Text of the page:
This is not a drill ~
Many years ago on board the Navy Aircraft I flew regularly, I had been up all night and needed to catch some sleep on the way to our station. There was a spot on the floor of the P-3, near a heater, that allowed me to toss down a pillow and nod off quite nicely.
I had been sleeping for some time when I heard a commotion. Still groggy, I was shocked to hear the pilot's voice on the loudspeaker crackle "3 minutes to water impact." Adrenaline kicked in and I sprung to my feet. A world of thoughts run through your mind when you are faced with an emergency situation. Your actions fall back to the emergency procedures covered by repeated training, but your mind quickly wanders. Which goals went unaccomplished? What loved ones may be left behind? The plane began to bounce in the turbulence as I strapped myself into my seat, suited up and prepared for impact. How long will it take a rescue to locate us? As the remaining seconds ticked away, I felt confident that I knew what I was supposed to do, but terrified that the ocean would not be very forgiving on this cold evening. The loud speaker crackled again, and the pilot said "nice job everyone, good drill."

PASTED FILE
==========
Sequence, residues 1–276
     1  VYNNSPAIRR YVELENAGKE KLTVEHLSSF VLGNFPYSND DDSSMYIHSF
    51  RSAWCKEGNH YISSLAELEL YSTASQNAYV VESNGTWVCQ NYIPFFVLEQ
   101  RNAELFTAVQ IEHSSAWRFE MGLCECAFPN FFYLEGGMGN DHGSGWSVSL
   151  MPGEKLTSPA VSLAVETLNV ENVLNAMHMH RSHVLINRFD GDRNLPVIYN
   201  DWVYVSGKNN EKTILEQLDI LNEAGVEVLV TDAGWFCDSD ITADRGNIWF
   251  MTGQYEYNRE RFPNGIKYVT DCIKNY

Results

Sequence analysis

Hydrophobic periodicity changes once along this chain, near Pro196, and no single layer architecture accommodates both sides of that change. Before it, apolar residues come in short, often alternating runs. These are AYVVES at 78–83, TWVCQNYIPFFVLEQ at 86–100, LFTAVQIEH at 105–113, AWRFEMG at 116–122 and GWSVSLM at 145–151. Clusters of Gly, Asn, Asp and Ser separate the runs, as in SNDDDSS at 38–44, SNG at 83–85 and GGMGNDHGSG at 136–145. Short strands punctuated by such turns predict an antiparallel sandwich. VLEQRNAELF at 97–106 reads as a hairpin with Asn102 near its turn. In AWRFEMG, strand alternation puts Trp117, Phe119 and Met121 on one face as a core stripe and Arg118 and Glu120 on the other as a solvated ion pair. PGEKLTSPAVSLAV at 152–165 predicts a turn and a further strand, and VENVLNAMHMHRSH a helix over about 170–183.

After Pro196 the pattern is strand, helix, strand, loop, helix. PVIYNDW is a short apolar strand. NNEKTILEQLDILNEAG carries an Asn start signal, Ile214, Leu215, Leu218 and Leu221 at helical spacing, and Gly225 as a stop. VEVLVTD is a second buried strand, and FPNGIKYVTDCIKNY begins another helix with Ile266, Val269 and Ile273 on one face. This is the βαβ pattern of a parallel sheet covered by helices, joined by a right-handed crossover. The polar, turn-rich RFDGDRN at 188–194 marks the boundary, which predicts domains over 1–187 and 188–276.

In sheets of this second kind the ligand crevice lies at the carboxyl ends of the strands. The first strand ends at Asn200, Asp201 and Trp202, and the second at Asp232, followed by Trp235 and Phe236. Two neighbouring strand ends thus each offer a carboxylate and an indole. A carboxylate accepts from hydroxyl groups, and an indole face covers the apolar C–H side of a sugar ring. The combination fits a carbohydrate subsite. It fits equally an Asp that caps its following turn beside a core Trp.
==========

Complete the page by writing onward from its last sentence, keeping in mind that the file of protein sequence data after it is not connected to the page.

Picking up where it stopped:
What?!? As it turns out, I am a very sound sleeper and never heard the pilot announce the traditional "this is a drill" before saying "prepare to ditch". I regained my composure and took some time to reflect on the thoughts that had gone through my mind when I thought it was real.
Our world is unpredictable. The attacks in Paris last week showed us just how tragic and terrifying life can be. Locally this week, the corporate leaders of Tim Horton's decided to close a number of stores in Maine, including the location on Western Avenue. These store owners, their employees and customers had no warning.
In the aviation community, we prepared for the worst. We carried parachutes to allow us a chance for survival if we had time to get them on. We carried cold weather gear in the event we had to put the plane in the water. Luckily, in my 22 years of service, I never used either due to routinely excellent flight and maintenance crews. But we prepared nonetheless.
While we cannot plan for every possible scenario, we can be prepared for some of the most likely issues that can face a business. Do you have 3-6 months of payroll in a savings account for emergencies? Do you carry the right amount of insurance for equipment failure or weather disasters? If one of your key employees got very sick, would you know how to do their job?
Don't let a single point of failure or a lack of resources derail your entire business. Each industry is unique and no two situations are alike, but you can determine what is right for you with a little extra time invested in "what if" scenarios. Get some manuals written for procedures. Trim the budget a bit to allow for an increase in your cash reserves. In short, always pack your parachute. Remember, if we can help, give us a shout.